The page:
11/01/2012 11:58 am ET Updated Jan 01, 2013

The Mayor vs. the President

That New Jersey's Republican governor Chris Christie gave President Obama a warm embrace is not entirely surprising, given that the need for disaster relief usually trumps party loyalty. In the aftermath of Hurricane Katrina, for example, Ray Nagin, the Democratic mayor of New Orleans, extended open arms to President George W. Bush. Such a pattern makes the decision by New York City's current mayor, the independent Michael Bloomberg, to discourage President Obama from visiting the Sandy-ravaged city all the more curious.

Bloomberg's official explanation was that everyone has "lots of things to do" in terms of clean-up, and that since Obama will be with Christie surveying the damage in New Jersey, that represented the region. The mayor assured us that he was not trying to "diss" the president, and that the city "would love to have him." Yet, in Bloomberg's view, somehow the president's visit would have gotten in the way of the pressing demands of the relief effort.

The more-plausible rationale behind Bloomberg's decision is that an Obama visit on the eve of the election would have provided a good photo-op for the president. After meeting with a prominent Romney supporter (Christie), Obama would have then be seen working closely with the figure who Thomas Friedman recently championed as the voice of independents (Bloomberg). And if Bloomberg were to help Obama win re-election, that could diminish his ability to wield his national clout over the next four years.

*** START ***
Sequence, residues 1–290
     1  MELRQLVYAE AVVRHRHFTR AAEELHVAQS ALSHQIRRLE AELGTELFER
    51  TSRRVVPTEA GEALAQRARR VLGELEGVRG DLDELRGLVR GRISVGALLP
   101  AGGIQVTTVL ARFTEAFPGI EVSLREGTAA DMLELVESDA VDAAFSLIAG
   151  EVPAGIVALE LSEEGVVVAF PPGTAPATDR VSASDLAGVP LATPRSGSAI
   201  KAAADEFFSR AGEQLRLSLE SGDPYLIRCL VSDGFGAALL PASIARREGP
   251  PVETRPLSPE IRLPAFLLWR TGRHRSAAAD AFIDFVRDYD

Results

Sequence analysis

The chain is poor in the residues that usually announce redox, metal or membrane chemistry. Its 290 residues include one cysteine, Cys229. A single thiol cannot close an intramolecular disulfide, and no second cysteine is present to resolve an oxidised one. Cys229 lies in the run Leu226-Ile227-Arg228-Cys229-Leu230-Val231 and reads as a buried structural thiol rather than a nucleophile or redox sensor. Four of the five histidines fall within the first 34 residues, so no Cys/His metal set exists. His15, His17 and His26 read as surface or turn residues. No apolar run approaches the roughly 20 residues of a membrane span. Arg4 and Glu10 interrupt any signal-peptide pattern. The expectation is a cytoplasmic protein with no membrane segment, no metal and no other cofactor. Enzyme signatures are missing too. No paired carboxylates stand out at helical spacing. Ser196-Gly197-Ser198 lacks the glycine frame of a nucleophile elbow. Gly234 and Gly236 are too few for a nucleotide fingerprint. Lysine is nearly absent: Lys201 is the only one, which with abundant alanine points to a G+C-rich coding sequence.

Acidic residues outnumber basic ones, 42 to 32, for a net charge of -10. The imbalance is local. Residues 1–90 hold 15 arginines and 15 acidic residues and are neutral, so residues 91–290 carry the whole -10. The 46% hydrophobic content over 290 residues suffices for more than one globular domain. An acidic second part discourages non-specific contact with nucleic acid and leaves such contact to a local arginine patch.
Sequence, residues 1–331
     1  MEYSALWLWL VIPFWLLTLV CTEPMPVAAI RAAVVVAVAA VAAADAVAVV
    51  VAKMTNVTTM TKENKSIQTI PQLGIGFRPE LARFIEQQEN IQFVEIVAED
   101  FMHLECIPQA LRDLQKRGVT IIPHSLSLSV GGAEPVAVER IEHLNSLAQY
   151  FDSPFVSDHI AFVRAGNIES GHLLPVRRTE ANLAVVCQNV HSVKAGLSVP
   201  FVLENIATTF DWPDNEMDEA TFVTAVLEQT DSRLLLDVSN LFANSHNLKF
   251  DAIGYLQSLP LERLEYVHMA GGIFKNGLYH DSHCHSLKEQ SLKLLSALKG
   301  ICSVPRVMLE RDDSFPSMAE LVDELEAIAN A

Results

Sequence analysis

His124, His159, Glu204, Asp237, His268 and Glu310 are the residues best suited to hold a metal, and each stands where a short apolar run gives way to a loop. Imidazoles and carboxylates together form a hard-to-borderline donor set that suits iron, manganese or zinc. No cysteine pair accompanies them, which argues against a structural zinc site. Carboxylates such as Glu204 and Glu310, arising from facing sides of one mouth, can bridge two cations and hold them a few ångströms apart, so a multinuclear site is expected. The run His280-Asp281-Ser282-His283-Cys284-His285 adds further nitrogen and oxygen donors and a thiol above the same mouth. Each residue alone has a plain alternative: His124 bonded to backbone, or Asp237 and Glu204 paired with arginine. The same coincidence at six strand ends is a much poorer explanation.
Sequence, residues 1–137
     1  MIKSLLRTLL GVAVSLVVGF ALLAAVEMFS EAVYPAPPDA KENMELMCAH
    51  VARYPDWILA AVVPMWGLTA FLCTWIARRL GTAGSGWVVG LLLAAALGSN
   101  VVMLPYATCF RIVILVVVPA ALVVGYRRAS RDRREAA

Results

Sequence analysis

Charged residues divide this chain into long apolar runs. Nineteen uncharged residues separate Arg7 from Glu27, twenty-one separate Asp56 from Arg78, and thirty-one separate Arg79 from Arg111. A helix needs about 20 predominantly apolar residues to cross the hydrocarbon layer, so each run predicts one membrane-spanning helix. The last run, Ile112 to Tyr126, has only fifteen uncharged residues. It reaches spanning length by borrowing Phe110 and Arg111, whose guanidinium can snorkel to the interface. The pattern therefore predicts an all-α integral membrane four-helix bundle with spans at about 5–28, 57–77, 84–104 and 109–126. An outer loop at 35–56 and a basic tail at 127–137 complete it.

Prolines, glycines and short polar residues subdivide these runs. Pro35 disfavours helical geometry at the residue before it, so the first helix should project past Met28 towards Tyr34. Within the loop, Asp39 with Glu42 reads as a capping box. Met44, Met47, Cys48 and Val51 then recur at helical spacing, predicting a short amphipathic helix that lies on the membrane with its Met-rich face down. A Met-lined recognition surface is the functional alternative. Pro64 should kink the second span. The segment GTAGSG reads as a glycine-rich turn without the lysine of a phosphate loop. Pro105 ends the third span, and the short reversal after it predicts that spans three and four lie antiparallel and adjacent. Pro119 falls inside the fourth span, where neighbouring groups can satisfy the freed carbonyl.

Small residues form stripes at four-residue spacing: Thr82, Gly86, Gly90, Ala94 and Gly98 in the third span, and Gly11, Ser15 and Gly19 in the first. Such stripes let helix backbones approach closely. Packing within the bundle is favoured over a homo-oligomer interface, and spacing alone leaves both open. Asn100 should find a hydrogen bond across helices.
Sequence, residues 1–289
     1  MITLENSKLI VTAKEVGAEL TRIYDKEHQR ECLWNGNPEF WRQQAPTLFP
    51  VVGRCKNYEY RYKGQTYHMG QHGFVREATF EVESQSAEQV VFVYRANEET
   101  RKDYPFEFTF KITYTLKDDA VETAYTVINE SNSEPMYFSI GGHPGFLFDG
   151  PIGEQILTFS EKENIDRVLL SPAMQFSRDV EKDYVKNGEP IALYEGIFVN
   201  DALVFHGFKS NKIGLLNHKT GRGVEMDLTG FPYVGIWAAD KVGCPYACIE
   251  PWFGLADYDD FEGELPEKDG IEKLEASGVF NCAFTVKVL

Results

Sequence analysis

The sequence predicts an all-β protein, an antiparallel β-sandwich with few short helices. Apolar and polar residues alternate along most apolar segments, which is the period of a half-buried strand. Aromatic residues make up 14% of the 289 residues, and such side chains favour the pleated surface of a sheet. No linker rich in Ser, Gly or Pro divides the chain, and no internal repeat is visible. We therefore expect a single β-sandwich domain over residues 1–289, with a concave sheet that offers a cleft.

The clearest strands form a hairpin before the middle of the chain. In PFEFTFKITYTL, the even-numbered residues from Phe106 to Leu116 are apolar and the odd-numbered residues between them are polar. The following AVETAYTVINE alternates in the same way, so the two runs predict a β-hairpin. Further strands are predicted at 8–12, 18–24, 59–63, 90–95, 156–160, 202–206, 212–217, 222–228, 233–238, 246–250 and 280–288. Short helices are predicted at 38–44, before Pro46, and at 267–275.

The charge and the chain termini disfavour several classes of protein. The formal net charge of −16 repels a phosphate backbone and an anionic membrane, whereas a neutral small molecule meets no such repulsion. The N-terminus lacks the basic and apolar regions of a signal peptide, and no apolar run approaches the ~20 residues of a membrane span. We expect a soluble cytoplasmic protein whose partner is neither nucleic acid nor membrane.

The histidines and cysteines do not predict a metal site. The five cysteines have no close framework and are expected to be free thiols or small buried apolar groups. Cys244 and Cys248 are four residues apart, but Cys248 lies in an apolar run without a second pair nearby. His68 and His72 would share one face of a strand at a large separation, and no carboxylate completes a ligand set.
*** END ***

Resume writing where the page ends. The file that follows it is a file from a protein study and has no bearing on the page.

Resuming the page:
Friedman and others point to Bloomberg's stance on gun control as a clear sign of the mayor's independence and willingness to champion issues that both parties refuse to address. But even as the mayor has shown courage on that issue, time and again Bloomberg has demonstrated that his primary loyalty is to Wall Street. In the spring of 2010, the mayor led the charge in fighting Obama's attempt to regulate the derivatives market, and time and again he has defended Jamie Dimon and other CEOs from the criticisms of Occupy. While he remains a staunch ally of Tim Geithner, Bloomberg recently derided Elizabeth Warren for turning to socialism.

When the Stock Exchange reopened on Halloween morning, the mayor was there to ring the opening bell, showing that he knows the symbolic value of photo-ops. And Mayor Bloomberg is also aware that if he had toured the area and its flooded surroundings with President Obama, he would have comprised his ability to bargain as an independent working on Wall Street's behalf.

Update: Bloomberg's announcement on Thursday, November 1, that he would endorse President Obama came as a surprise to many observers, including me. Yet it's all the more reason why the mayor should have invited the president to survey the damage a day earlier. More than a photo-op, the president's visit would have helped bring national attention to hard-hit areas like Staten Island, where Bloomberg traveled yesterday afternoon. In any case, Bloomberg's nod suggests that Wall Street is siding with Obama. Not only is it better for the Street to be on the side of the likely winner, but now is not the time to back a party ideologically opposed to stimulus spending.